The Legislative Process
Ideas for new laws often begin outside of Parliament. By signing petitions, meeting with parliamentarians and sharing their perspectives, Canadians indicate what they want to change. Political parties include these ideas in their election platforms. Parliamentarians bring these ideas into Parliament by writing them down in the form of bills (proposals for new laws).
All bills are first introduced in the Senate or the House of Commons by a parliamentarian (that is, a senator or a member of Parliament). Bills can come from the government or from parliamentarians not part of the government.
After a bill is introduced in Parliament, it goes through a series of steps designed to ensure that its purpose and effects are carefully considered, and that Canadians are consulted and informed. This is known as the legislative process.
The Legislative Process
Click on the numbers to learn about the legislative process
First Reading: Introducing the Bill
First reading is the initial step in a bill’s progress through Parliament. The parliamentarian proposing the bill will introduce it in the parliamentarian’s chamber. Although this step is called first reading, the bill is not actually read aloud in the chamber – it is made available for parliamentarians and Canadians to read and examine.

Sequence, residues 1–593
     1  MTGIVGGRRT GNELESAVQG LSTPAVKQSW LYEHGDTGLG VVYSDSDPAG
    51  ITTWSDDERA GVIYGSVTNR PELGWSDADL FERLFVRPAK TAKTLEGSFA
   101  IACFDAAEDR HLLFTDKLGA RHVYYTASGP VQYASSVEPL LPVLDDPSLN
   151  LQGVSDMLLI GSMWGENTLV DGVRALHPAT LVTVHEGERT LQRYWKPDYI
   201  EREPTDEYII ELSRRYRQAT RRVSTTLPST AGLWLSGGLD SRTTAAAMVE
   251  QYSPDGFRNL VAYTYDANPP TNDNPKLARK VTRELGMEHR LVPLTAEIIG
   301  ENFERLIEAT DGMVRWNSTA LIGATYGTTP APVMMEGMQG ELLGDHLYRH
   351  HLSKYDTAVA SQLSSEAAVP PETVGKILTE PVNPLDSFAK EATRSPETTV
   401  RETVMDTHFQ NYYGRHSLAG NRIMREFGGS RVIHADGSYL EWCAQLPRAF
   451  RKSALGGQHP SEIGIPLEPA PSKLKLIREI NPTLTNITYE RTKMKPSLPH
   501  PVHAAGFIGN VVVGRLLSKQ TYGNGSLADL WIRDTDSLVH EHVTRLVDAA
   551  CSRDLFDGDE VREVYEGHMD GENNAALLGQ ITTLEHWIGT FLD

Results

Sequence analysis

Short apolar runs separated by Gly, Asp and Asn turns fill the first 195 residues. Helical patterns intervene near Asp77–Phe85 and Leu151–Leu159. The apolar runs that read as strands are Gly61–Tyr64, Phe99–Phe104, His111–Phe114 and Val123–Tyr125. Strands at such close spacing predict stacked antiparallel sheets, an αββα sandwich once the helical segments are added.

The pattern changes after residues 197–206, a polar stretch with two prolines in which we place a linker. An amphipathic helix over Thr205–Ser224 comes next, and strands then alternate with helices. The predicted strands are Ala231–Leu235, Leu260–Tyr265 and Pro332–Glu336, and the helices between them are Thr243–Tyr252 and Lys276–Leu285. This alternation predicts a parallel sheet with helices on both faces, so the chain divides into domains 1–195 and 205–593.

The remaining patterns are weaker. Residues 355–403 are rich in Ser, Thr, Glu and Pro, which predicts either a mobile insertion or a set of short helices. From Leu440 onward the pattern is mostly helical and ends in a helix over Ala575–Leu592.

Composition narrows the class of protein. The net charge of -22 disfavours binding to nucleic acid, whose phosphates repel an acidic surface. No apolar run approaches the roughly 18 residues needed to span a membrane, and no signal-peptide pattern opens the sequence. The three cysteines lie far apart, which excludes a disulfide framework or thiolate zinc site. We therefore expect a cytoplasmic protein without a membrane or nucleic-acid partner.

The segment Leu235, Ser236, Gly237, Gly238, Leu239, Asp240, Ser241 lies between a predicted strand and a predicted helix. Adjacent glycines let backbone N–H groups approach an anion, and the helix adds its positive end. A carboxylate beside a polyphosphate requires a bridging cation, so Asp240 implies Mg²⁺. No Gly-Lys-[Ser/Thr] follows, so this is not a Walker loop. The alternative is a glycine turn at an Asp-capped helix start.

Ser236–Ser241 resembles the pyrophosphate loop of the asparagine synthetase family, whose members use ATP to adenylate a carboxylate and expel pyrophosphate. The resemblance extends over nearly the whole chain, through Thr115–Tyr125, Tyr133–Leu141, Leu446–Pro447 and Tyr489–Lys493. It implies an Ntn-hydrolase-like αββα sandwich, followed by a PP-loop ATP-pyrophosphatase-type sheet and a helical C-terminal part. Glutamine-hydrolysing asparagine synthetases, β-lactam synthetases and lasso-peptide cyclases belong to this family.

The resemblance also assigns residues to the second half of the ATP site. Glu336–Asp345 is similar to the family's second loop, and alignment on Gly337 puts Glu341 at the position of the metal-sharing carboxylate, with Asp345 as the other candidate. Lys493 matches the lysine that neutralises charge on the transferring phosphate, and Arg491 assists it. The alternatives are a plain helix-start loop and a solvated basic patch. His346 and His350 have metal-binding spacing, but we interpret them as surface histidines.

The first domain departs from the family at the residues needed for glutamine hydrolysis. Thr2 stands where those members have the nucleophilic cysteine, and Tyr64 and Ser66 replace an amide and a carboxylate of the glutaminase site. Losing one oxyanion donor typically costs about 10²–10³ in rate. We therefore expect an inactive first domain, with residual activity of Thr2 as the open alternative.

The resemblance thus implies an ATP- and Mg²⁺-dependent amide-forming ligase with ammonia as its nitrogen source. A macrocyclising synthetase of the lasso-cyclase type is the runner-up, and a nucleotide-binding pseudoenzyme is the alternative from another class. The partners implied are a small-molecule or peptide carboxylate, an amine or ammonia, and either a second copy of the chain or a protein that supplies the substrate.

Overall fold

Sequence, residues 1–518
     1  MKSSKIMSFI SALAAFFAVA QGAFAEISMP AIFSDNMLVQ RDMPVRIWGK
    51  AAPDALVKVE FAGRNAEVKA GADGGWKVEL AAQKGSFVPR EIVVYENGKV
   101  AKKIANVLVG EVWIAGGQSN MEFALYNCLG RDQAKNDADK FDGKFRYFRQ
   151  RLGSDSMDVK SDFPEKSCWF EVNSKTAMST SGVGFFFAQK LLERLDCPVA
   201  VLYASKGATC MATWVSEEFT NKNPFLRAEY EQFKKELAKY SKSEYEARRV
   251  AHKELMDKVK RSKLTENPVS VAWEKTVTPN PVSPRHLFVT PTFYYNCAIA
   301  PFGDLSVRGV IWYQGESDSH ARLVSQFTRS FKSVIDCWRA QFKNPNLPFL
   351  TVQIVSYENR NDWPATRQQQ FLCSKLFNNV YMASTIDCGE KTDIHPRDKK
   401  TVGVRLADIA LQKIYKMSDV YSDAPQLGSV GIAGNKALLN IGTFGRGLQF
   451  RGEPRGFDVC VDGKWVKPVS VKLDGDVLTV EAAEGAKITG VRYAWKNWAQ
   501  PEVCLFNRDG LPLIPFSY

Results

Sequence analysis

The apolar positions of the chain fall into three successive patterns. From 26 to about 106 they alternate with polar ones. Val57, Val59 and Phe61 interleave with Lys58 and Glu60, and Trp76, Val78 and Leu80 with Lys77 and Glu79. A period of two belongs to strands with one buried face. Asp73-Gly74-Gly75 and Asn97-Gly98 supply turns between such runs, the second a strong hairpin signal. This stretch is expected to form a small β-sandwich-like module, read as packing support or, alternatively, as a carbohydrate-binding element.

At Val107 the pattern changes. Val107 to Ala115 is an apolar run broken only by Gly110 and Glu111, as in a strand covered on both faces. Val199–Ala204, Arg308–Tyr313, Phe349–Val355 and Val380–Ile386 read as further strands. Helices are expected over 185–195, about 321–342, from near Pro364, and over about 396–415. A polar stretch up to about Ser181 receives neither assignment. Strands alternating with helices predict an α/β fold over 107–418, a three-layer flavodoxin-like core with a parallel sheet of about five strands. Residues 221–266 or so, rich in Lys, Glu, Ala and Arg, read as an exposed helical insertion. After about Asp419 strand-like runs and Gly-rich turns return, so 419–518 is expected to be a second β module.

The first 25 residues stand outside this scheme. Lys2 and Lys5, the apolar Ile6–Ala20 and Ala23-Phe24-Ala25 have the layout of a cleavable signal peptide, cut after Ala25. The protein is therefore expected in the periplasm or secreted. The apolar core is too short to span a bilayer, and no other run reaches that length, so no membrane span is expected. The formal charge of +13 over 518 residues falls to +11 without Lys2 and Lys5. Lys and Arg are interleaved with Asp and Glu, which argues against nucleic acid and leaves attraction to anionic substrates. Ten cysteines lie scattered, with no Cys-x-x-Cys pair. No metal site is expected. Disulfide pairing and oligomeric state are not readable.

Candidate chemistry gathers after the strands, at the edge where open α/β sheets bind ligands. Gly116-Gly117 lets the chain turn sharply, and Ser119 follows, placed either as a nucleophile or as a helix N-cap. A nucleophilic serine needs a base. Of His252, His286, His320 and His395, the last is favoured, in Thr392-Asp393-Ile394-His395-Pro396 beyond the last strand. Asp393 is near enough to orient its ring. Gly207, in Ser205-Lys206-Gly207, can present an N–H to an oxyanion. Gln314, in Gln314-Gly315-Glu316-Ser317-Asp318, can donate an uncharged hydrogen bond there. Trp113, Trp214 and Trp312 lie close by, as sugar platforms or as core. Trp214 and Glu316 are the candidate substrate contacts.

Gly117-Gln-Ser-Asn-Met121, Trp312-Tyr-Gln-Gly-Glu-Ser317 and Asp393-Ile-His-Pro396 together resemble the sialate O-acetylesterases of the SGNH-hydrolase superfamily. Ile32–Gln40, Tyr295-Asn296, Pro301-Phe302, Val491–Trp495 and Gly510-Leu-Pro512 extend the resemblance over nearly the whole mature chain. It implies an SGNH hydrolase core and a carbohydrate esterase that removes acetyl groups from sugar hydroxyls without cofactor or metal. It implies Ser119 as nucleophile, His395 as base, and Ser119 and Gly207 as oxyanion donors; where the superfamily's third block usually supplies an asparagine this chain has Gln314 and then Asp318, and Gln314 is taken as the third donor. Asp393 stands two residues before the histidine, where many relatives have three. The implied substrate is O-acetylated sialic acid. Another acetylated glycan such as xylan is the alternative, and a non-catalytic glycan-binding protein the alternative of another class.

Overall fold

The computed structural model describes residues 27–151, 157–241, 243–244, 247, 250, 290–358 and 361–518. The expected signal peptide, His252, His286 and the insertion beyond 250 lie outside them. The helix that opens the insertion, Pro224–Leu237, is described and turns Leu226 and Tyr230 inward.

Second Reading: Debating the Idea
During second reading, parliamentarians debate the principle (or main idea) of the bill. They examine its strengths and weaknesses and talk about how it might affect different groups of people. This gives parliamentarians (and other Canadians) a chance to listen to different perspectives and opinions on the bill. After the time for debate is over, parliamentarians vote on whether the bill will continue through the process. If the vote supports the bill, the bill is sent to a committee for a closer look.
Committee Stage: Discussion and Hearing Witnesses
At the committee stage, the bill is studied in detail by a smaller group of parliamentarians, called a parliamentary committee.
Committee members hold hearings where interested individuals and representatives from organizations can comment on the bill. The committee can also invite government officials and experts to answer questions.
Committees examine bills clause by clause (section by section). Committees can also suggest amendments (changes) to the bill. The clauses and amendments are voted on. Once this process is complete, the chairperson of the committee submits a report back to the chamber.
Report Stage: Back to the Chamber
At the report stage, the bill is returned to the chamber where it was introduced and debated again, including any changes proposed by the committee. Parliamentarians can suggest additional changes at this time and those amendments may be debated. When they have voted on the amendments, the bill is finalized, and it is ready for third reading.
Third Reading: Debate and Vote